Using Mentimeter: Case studies from Staff at the University of Bath (Part 2)

Posted in: online learning, TEL

This blog post follows part 1 of our case studies on using Mentimeter to promote engagement and interactivity in learning and teaching.  Read on for two additional case studies that demonstrate the way in which Mentimeter can be used for a variety of purposes at the University of Bath.

For support and advice about using Mentimeter, see more guidance on the hub here: Mentimeter Guidance on Learning and Teaching Hub, or contact the Technology Enhanced Learning team:

Case Study Two: Mentimeter in lectures

The case study below was written by Gwen Scott, a Lecturer in Department of Life Sciences about her experience of using Mentimeter for teaching and learning.

Background context

I am a Teaching Lecturer in the Department of Life Sciences.  I am part of the Pharmacology teaching team and have used Mentimeter in nearly all my semester one lectures.  I have lectured to undergraduate Pharmacy students in first, second and third year as well as first year undergraduate Natural Sciences and Pharmacology students.  The cohorts range in size from 65 to 220 students.


I used Mentimeter to carry out two different types of activity.  The first activity involved an open-ended question to the students at the beginning of the lecture such as “How are you feeling?”, “What are you doing this weekend?”, or “What did you have for breakfast?” The students can write a response which appears as a word cloud.  The activity is carried out while I wait for all the students to arrive.

Results from the 'How are you feeling question displayed in a word cloud'

I also use Mentimeter to promote inclusion and diversity in my lectures.  I ask the students a “Guess Who?” question related to the lecture content.  This provides the opportunity to highlight the work of scientists from different genders and ethnic backgrounds.

'Guess Who?' answers displayed as a chart


I use Mentimeter for several different purposes:

  • To help engage with the students and make them feel that the staff value their opinions.
  • To provide a break in the lecture to allow the students to refocus.
  • To provide an opportunity to add inclusive and diverse content to the lecture.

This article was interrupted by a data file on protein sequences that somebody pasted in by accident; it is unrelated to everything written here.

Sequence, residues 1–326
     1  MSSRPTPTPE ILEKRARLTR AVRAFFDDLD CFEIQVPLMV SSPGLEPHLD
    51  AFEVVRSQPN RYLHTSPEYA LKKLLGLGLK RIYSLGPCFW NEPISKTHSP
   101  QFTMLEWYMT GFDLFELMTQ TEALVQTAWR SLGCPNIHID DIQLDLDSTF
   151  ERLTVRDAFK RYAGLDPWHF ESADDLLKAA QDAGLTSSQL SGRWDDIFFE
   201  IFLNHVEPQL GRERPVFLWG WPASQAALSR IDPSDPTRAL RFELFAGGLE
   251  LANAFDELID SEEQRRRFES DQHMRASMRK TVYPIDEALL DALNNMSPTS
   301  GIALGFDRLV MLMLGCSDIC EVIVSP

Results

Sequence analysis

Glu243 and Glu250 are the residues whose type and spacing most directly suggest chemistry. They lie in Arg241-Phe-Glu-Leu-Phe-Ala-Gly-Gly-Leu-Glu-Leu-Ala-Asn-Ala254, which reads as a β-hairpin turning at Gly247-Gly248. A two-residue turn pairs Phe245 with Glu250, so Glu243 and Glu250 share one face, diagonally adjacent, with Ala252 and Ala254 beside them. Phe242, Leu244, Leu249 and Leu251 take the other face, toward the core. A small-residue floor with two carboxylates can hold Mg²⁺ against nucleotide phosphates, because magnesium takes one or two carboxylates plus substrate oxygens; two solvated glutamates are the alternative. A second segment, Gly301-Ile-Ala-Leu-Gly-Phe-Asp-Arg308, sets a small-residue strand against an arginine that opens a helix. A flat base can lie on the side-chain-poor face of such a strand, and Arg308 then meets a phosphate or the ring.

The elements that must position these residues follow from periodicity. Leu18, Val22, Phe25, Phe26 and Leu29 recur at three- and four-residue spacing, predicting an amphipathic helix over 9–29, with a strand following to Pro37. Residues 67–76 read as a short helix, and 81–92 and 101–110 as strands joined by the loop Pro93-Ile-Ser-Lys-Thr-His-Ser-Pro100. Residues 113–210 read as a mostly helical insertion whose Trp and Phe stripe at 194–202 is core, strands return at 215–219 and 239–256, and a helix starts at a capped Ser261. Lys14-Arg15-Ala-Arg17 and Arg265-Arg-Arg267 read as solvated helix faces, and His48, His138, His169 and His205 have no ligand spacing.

• As an unofficial register of student numbers attending the lecture.


Hopefully the use of Mentimeter to provide a break in the lecture will improve the students' learning experience and promotes EDI (Equality, Diversity and Inclusion).

One pro of using Mentimeter is that you can get a better understanding of how the students are feeling.  One con of using Mentimeter is the lack of engagement from some of the students; however, this would also be the case with other tools.


I looked up online resources from YouTube to help set up my Mentimeter activities. Mentimeter also provide a variety of guides on YouTube.


Case Study Three: Mentimeter for Anti-Racism Training

The case study below was written by Nyika Suttie, a Training Officer in the Student Policy & Safeguarding team.

Background context

As part of the Be the Change anti-racism training, the Student Support and Safeguarding team delivered sessions to up to 50 students at a time.


I used Mentimeter to design my training offer as it allows for audience interaction, quizzes and feedback all in one application. Talking about racism, controversy with civility, or consent can be difficult to do out loud. Using Mentimeter allows for anonymised comments, and thus a richer learning experience.


Students have enjoyed Mentimeter question types such as “This or that?”. This has been used in the Controversy with Civility training to measure opinions on trivial issues (for example, jam and cream on a scone), up to more serious issues which are used to practice debating and civil disagreeing skills. This has provided many talking points. Another benefit is that it is an inclusive training method, as text appears on phone screens, and typing rather than putting your hand up is a more inclusive way to hear neurodivergent or anxious people’s views.

Challenges include having too many typing slides can mean less conversation, but a good facilitator should use content from the board to spark discussion. The presentation design is quite limited and you can’t be as creative as you can be with PowerPoint.


My advice would be to just give it a go. It’s easy to use, most students are familiar with it, and the breadth of features mean that you don’t have to switch between different applications and programs. The best way to learn is to play about with it.


Further reading

Mayhew, E., Davies, M., Millmore, A., Thompson, L., & Pena Bizama, A. (2020). The impact of audience response platform mentimeter on the student and staff learning experience. Research in Learning Technology, 28(0).

Mohin, M., Kunzwa, L., & Patel, S. (2022). Using mentimeter to enhance learning and teaching in a large class. International Journal of Educational Policy Research and Review, 9(2), 48–57.

Emma Mayhew (2019) No Longer a Silent Partner: How Mentimeter Can Enhance Teaching and Learning Within Political Science, Journal of Political Science Education, 15:4, 546-551, DOI: 10.1080/15512169.2018.1538882

Shane Donohue (2014) Supporting active learning in an undergraduate geotechnical engineering course using group-based audience response systems quizzes, European Journal of Engineering Education, 39:1, 45-54, DOI: 10.1080/03043797.2013.833169

Posted in: online learning, TEL


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